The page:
Best Hotels in the Wooooooooorld

(With apologies to Keith Olbermann . . .)

Travel and Leisure has released its best hotels in the world list. I’ve stayed in number three, and it deserves that ranking and then some. If they rated the hotels on a combination of luxury and history, The Oriental in Bangkok would never be less than number one.

It is the hotel where W. Somerset Maugham, Graham Greene and Noel Coward famously stayed, and their Author’s Wing still has suites named after them. I read Of Human Bondage by W. Somerset Maugham while I was there, in his honor.

We were met at the barge drop off by several people, all of whom insisted on getting our bags. They gave us a big upgrade—three levels, they said—and we jokingly wondered which of the authors’ suites we would be put in.

The room was quite large, with wood paneling, a balcony overlooking the river, a walk-in closet, an a huge patheroom with a very deep tub and separate shower stall. Right as we were about to leave for a clothes fitting, the floor butler came in and introduced herself. We weren’t sure what use we would have for a floor butler, but tipped her anyway and went on our way.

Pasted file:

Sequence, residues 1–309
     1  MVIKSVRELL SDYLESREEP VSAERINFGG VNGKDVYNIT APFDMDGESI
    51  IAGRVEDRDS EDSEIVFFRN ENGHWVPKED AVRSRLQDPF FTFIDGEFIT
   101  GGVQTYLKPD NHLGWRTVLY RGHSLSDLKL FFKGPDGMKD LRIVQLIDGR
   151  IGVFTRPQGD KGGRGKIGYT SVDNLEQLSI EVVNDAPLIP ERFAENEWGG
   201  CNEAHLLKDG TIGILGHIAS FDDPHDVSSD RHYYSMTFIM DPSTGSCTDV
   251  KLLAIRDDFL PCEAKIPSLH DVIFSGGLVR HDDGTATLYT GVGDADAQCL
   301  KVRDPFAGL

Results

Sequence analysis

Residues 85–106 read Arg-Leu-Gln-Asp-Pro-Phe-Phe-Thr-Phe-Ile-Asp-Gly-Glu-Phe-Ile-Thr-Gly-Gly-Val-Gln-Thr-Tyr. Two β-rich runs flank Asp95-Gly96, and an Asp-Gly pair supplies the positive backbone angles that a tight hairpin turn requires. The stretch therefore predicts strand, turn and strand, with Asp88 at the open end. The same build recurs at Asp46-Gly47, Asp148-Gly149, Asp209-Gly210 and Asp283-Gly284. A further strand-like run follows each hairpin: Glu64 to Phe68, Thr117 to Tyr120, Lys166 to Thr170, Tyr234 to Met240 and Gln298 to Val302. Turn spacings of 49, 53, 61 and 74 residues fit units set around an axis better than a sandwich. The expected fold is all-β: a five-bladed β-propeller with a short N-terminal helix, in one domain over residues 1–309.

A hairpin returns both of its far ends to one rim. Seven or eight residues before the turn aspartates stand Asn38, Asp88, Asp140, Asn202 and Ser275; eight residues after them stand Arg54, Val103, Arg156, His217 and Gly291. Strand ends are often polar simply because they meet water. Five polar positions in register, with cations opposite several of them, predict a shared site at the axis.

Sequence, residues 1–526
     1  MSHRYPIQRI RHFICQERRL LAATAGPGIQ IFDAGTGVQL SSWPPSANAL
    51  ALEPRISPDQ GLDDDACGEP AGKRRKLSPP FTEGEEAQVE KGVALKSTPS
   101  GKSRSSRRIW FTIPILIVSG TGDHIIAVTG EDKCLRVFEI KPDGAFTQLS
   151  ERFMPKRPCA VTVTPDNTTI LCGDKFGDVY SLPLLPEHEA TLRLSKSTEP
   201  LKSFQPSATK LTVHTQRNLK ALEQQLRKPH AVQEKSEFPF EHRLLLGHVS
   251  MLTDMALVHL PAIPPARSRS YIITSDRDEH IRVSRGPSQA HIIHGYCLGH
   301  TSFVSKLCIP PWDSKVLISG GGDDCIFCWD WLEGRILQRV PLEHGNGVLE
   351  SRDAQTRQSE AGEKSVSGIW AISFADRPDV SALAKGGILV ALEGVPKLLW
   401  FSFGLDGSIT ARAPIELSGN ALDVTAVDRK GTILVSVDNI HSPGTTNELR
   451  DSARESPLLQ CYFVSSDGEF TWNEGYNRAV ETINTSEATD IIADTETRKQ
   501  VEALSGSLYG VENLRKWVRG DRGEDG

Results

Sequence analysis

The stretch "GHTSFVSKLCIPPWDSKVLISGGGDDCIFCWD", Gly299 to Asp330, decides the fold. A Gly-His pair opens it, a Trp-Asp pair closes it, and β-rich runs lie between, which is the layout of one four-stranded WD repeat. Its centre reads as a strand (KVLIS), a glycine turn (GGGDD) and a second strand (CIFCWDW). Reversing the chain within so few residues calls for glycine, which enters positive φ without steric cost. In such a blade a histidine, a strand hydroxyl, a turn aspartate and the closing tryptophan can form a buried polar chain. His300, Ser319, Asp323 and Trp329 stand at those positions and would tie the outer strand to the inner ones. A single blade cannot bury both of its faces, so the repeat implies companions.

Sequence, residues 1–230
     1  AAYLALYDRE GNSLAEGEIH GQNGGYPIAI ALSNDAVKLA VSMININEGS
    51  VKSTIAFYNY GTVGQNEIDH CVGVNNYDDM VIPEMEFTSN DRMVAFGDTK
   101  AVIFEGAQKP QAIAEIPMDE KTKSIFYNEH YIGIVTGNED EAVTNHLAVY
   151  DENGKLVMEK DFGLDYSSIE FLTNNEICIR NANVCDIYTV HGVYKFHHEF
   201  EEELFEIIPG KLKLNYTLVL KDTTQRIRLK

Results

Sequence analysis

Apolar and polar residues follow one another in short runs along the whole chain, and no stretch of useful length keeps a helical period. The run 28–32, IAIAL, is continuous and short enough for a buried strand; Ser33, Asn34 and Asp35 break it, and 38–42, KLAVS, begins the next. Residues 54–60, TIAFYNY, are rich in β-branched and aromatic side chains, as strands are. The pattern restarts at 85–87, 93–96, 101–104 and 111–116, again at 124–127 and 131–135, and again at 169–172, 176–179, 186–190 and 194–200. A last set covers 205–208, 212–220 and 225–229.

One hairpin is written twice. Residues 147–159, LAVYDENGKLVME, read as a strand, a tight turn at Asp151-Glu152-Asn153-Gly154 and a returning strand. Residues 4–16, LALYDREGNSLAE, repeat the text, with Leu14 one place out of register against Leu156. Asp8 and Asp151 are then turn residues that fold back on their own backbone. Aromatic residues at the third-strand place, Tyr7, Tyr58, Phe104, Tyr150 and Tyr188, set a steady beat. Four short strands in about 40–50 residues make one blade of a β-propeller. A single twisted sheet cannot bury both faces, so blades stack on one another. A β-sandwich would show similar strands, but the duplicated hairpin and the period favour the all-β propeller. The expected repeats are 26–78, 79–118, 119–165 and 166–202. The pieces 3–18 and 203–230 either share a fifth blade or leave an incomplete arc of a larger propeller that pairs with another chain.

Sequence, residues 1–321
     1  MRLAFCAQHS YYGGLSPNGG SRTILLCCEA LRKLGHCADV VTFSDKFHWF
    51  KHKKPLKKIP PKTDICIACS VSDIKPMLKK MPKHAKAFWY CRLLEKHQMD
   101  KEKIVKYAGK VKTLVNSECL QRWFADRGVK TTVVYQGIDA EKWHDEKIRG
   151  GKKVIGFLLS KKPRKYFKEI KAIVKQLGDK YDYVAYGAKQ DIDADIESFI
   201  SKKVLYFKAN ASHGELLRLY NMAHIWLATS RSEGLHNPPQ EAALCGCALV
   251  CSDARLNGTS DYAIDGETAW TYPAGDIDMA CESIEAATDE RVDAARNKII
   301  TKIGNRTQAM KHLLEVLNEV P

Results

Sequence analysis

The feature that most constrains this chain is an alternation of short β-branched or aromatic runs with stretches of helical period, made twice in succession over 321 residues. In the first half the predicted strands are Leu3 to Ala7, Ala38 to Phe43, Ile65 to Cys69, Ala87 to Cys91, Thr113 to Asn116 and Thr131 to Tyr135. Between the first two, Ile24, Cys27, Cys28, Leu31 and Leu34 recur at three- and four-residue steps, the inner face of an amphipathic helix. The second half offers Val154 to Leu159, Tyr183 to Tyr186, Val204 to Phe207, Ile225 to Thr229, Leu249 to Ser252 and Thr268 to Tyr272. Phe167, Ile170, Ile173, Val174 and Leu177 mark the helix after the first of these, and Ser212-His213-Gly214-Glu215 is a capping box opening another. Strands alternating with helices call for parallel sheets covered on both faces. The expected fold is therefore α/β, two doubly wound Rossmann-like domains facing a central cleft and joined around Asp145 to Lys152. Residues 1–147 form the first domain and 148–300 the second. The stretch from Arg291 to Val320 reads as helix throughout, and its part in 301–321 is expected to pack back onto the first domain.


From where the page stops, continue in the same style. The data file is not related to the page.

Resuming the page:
As part of Seth’s Amex package we were allowed a continental breakfast on the veranda and a free lunch as well. The breakfast consisted of coffee or tea, fruit juice, a fruit platter and a basket of bread with preserves—a pretty standard continental breakfast—but I’ve never been waited upon more thoroughly. Every time I drained my coffee cup a third of the way, a waiter was there to refill it, every time we ate a roll from the basket, it was replaced.

I’m sure all the hotels on the list are very good. We stuck our head into number ten when we were in Agra—it was luxurious and beautiful—but there’s something to be said for history. If you’re only going to stay at one of these hotels, once in your life, The Oriental might be the best choice of all.

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Seth Miller

I'm Seth, also known as the Wandering Aramean. I was bit by the travel bug 30 years ago and there's no sign of a cure. I fly ~200,000 miles annually; these are my stories. You can connect with me on Twitter, Facebook, and LinkedIn.